Insectes Sociaux

, Volume 56, Issue 3, pp 251–260 | Cite as

Intraspecific nestmate recognition in two parabiotic ant species: acquired recognition cues and low inter-colony discrimination

  • F. Menzel
  • T. Schmitt
  • N. BlüthgenEmail author
Research Article


Parabiotic ants—ants that share their nest with another ant species—need to tolerate not only conspecific nestmates, but also nestmates of a foreign species. The parabiotic ants Camponotus rufifemur and Crematogaster modiglianii display high interspecific tolerance, which exceeds their respective partner colony and extends to alien colonies of the partner species. The tolerance appears to be related to unusual cuticular substances in both species. Both species possess hydrocarbons of unusually high chain lengths. In addition, Cr. modiglianii carries high quantities of hereto unknown compounds on its cuticle. These unusual features of the cuticular profiles may affect nestmate recognition within both respective species as well. In the present study, we therefore examined inter-colony discrimination within the two parabiotic species in relation to chemical differentiation. Cr. modiglianii was highly aggressive against workers from alien conspecific colonies in experimental confrontations. In spite of high inter-colony variation in the unknown compounds, however, Cr. modiglianii failed to differentiate between intracolonial and allocolonial unknown compounds. Instead, the cuticular hydrocarbons functioned as recognition cues despite low variation across colonies. Moreover, inter-colony aggression within Cr. modiglianii was significantly influenced by the presence of two methylbranched alkenes acquired from its Ca. rufifemur partner. Ca. rufifemur occurs in two varieties (‘red’ and ‘black’) with almost no overlap in their cuticular hydrocarbons. Workers of this species showed low aggression against conspecifics from foreign colonies of the same variety, but attacked workers from the respective other variety. The low inter-colony discrimination within a variety may be related to low chemical differentiation between the colonies. Ca. rufifemur majors elicited significantly more inter-colony aggression than medium-sized workers. This may be explained by the density of recognition cues: majors carried significantly higher quantities of cuticular hydrocarbons per body surface.


Camponotus rufifemur Crematogaster modiglianii Cuticular hydrocarbons Interspecific associations Nestmate recognition cues 



We are grateful to Heike Feldhaar and Annett Endler for fruitful discussions and support in the GC-FID analysis. The Malaysian Economic Planning Unit (EPU) and the Danum Valley Management Committee (DVMC) kindly gave permission for our research, and Dr. Arthur Chung (Forest Research Center, Sepilok) functioned as our local collaborator. This study complies with current laws of Malaysia. F.M. was supported by a doctoral fellowship of the Bayerische Graduiertenförderung (BayEFG) and the Studienstiftung des deutschen Volkes. This work was also supported by the Sonderforschungsbereich SFB-554 ‘Mechanisms and Evolution of Arthropod Behaviour’ of the Deutsche Forschungsgemeinschaft (DFG).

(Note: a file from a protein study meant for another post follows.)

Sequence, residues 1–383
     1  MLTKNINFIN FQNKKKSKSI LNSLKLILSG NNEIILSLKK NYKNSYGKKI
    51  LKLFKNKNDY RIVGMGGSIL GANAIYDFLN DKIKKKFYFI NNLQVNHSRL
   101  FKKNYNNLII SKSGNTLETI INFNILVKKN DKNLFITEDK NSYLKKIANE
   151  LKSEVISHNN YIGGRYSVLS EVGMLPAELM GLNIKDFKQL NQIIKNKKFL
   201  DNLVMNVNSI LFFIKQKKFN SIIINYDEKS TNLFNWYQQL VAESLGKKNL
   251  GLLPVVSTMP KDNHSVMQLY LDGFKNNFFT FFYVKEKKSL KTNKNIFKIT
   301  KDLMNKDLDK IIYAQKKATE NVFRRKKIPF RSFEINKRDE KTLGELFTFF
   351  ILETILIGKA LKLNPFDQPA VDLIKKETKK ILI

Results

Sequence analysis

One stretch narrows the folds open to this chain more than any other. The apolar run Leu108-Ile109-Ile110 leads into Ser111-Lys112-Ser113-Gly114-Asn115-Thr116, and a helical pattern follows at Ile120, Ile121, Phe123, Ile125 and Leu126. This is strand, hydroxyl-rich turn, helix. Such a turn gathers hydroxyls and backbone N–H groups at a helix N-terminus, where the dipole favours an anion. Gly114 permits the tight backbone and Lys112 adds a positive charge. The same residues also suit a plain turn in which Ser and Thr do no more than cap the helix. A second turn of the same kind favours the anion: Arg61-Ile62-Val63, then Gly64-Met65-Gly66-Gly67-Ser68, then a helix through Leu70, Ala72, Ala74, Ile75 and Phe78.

1. Aitchinson J. 1986. The Statistical Analysis of Compositional Data: Monographs in Statistics and Applied Probability. Chapman and Hall, London. 416 ppGoogle Scholar
  2. Boulay R., Hefetz A., Soroker V. and Lenoir A. 2000. Camponotus fellah colony integration: worker individuality necessitates frequent hydrocarbon exchanges. Anim. Behav. 59: 1127–1133PubMedCrossRefGoogle Scholar
  3. Brandstaetter A.S., Endler A. and Kleineidam C.J. 2008. Nestmate recognition in ants is possible without tactile interaction. Naturwissenschaften 95: 601–608PubMedCrossRefGoogle Scholar
  4. Carlin N.F. and Hölldobler B. 1986. The kin recognition system of carpenter ants (Camponotus spp.) I. Hierarchical cues in small colonies. Behav. Ecol. Sociobiol. 19: 123–134CrossRefGoogle Scholar
  5. Errard C., Regla J.I. and Hefetz A. 2003. Interspecific recognition in Chilean parabiotic ant species. Insect. Soc. 50: 268–273CrossRefGoogle Scholar
  6. Foitzik S., Sturm H., Pusch K., D’Ettorre P. and Heinze J. 2007. Nestmate recognition and intraspecific chemical and genetic variation in Temnothorax ants. Anim. Behav. 73: 999–1007CrossRefGoogle Scholar
  7. Gibbs A. and Pomonis J.G. 1995. Physical properties of insect cuticular hydrocarbons: The effects of chain lengths, methyl branching and unsaturation. Comp. Biochem. Physiol. 112B: 243–249Google Scholar
  8. Heinze J., Foitzik S., Hippert A. and Hölldobler B. 1996. Apparent dear-enemy phenomenon and environment-based recognition cues in the ant Leptothorax nylanderi. Ethology 102: 510–522CrossRefGoogle Scholar
  9. Hölldobler B. and Wilson E.O. 1990. The Ants. Springer, Berlin. 732 ppGoogle Scholar